February 5, 2010

Accelerated Evil

Last week I summarized a much more complete post by Mark Pennington which more completely summarized some of the main criticisms of the Accelerated Reading program used in many schools.

Today, thanks to a fellow list-maker who took the time to compile a list which exemplifies the problem with number four on the list (explained here by Mr. Pennington):

4. Using AR tends to encourage some students to read books that most teachers and parents would consider inappropriate for certain age levels. Although Renaissance Learning is careful to throw the burden of book approval onto the shoulders of teachers and parents, students get more points for reading and passing quizzes on higher reading levels and longer books. Although an interest level is provided as is a brief synopsis/cautionary warning on the AR site, students often simply select books by the title, cover, availability, or point value. Thus, a fourth grader might wind up “reading” Salinger’s The Catcher in the Rye (4.7 ATOS readability level) and a sixth grader might plow through Camus’ The Stranger (6.2 ATOS readability level). Hardly appropriate reading material for these grade levels! Content is not considered in the AR point system and students are, of course, reading for those points.

The list-maker, I must confess, also came up with the witty title of this blog post and emailed the whole thing to me because it was felt mine was a grubbier venue for this tawdry exercise. No, that wasn't it. Wait. Oh, never mind.

Now not everything in these books, oh say like human sexuality, is actually evil. And while I hardly think school and by extension the library should be a reality-free zone and that everyone should be able to read pretty much whatever they want to, I think you'll agree that many people would question the validity of recommending this list of books to 11-13 year olds. I like many of the books on the list and there may indeed be readers of those ages perfectly suited to reading some of them. Hell, I read Forever in middle school and didn't need AR points for motivation!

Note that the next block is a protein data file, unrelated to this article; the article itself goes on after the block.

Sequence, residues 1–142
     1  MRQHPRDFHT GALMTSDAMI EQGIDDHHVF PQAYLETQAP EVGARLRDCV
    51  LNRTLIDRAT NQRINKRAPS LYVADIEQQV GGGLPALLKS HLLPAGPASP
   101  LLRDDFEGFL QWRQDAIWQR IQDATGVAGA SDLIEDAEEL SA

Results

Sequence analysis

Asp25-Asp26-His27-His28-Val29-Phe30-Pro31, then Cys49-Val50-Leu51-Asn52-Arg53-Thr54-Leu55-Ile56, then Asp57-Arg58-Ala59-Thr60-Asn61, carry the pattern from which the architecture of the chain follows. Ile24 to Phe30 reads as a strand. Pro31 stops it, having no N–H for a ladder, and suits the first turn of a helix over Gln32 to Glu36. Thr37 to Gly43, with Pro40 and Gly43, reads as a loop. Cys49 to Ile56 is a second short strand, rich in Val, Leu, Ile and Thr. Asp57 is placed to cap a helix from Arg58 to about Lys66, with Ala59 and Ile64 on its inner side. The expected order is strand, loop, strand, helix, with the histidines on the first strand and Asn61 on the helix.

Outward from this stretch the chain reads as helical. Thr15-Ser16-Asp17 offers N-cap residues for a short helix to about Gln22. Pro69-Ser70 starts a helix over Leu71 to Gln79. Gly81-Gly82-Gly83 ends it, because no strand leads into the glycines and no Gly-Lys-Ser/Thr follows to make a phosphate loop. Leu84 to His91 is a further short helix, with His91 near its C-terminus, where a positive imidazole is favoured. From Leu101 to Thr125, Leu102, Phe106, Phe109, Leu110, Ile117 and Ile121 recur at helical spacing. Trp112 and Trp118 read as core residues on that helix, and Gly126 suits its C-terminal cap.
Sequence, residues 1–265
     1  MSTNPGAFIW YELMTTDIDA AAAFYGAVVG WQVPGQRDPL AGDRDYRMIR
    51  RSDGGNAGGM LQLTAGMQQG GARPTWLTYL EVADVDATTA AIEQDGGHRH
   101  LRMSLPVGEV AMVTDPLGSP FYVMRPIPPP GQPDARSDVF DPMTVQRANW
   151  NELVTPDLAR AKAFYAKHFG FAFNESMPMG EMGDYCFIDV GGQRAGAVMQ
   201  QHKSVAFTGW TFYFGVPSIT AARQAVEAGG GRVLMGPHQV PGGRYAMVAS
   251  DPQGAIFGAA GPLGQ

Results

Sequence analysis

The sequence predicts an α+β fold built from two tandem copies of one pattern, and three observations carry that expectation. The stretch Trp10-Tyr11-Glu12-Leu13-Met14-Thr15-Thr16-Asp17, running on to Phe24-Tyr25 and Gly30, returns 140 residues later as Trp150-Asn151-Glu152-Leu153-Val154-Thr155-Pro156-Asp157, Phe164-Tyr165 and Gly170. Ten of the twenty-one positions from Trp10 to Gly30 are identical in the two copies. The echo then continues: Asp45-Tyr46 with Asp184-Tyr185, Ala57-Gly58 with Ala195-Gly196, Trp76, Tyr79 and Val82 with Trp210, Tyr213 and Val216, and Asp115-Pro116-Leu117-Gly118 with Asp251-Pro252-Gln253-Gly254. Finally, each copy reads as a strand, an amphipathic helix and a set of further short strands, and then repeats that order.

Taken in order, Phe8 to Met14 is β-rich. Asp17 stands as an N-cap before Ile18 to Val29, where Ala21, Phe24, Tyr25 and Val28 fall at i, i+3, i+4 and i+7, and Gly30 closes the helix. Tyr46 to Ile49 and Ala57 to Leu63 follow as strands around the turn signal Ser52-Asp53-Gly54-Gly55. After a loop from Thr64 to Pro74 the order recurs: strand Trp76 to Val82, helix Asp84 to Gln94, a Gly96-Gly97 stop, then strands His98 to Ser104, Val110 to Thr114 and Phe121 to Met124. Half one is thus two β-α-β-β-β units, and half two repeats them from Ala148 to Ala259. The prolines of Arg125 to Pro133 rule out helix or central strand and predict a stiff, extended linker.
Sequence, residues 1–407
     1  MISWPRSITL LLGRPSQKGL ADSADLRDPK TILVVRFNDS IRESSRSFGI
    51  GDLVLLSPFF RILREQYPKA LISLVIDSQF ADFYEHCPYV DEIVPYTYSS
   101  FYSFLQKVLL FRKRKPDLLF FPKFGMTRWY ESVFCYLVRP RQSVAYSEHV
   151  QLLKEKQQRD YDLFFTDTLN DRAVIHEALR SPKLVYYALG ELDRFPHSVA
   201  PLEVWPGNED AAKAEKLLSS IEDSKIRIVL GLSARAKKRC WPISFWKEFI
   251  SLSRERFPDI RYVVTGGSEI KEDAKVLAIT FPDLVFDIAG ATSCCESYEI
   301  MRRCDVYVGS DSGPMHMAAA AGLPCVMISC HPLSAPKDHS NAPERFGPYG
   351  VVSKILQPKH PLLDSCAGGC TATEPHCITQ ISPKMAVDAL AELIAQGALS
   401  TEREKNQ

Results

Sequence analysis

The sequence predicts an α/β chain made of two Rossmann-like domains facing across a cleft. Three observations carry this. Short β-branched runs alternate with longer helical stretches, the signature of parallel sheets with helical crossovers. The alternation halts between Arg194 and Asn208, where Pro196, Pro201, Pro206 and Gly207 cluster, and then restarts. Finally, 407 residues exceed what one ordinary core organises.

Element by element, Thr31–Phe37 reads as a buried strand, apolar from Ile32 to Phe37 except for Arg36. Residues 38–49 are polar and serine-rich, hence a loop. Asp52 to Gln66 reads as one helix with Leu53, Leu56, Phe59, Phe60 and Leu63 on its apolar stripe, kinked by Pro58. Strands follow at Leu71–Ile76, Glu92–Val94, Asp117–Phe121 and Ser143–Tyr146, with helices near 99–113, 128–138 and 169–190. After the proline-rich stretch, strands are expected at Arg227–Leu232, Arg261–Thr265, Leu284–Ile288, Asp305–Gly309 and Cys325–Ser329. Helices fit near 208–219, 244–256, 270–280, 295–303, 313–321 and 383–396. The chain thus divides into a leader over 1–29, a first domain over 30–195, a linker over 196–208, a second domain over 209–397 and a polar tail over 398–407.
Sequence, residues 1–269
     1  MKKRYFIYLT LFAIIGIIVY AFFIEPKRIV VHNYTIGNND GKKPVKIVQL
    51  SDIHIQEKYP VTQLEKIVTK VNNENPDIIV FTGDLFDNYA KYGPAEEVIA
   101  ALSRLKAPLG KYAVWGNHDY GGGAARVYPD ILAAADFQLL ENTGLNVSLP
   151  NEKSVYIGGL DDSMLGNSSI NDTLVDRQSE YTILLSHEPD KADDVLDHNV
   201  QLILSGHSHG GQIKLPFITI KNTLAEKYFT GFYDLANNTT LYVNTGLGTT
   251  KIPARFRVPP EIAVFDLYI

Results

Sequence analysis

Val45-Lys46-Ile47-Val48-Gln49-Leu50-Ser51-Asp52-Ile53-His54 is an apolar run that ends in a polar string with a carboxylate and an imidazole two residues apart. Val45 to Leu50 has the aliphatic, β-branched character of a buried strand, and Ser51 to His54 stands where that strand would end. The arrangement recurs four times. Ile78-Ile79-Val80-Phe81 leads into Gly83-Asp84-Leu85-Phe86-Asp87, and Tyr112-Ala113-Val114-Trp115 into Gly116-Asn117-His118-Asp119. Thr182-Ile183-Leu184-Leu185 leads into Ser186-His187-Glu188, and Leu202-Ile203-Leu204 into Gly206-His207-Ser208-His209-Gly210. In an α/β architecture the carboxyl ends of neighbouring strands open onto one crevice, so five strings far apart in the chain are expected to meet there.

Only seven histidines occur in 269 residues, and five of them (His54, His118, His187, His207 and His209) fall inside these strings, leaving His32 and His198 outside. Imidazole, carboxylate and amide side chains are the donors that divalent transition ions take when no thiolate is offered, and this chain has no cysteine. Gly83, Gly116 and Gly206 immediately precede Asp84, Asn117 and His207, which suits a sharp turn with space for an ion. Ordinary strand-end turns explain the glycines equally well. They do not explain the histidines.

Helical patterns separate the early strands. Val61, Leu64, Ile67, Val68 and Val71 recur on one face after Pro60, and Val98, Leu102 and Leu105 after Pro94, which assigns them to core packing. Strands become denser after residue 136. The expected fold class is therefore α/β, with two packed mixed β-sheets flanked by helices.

The argument may be made that Renaissance Learning, Inc. (the producers of AR) are not necessarily recommending these titles for middle schoolers. Bah! Read again what Mr. Pennington points out above. They induce children to read for points, not content. If a kid that's an avid AR point scrounger comes across a book "on their level" with a nice point spread, they'll read it. If it has sex, drugs, and rock and roll in it? All the better! Look at this list and Mr. Pennigton's point is made clear. (All information is from renlearn.com):

All the Way Behrens, Andy Level 4.3 Points 7

Hoping to have sex for the first time with a girl he has met on the Internet, seventeen-year-old Ian drives with his two best friends from Illinois to South Carolina.

Anatomy of a Boyfriend Snadowsky, Daria Level 5.0 Points 9

Text contains sexual situations throughout.

Boy Toy Lyga, Barry Level 4.5 Points 15

The plot contains profanity and graphic sexual references.

Claiming Georgia Tate Amateau, Gigi EN 5.0 UG 6

Twelve-year-old Georgia Tate feels loved and safe living with Nana and Granddaddy, until her sexually abusive father tries to win custody of her. This plot contains sexual situations.

Crank Hopkins, Ellen Level 4.3 Points 5

Visiting her absentee father, Kristina's life turns upside-down when he introduces her to the dark world of crank, or crystal meth. The story, told in jagged free verse, contains profanity, explicit sexual situations and blatant descriptions of drug use.

The Da Vinci Code Brown, Dan Level 6.4 Points 23

Doing It Burgess, Melvin Level 4.4 Points 12

Three teenage friends, Dino, Jonathon, and Ben, confront the confusions, fears, and joys of adolescent male sexuality.

Forever Blume, Judy Level 4.1 Points 5

A graphic novel of a teenage senior-year love affair based primarily on sexual attraction.

Gluttony Wasserman, Robin Level 5.2 Points 9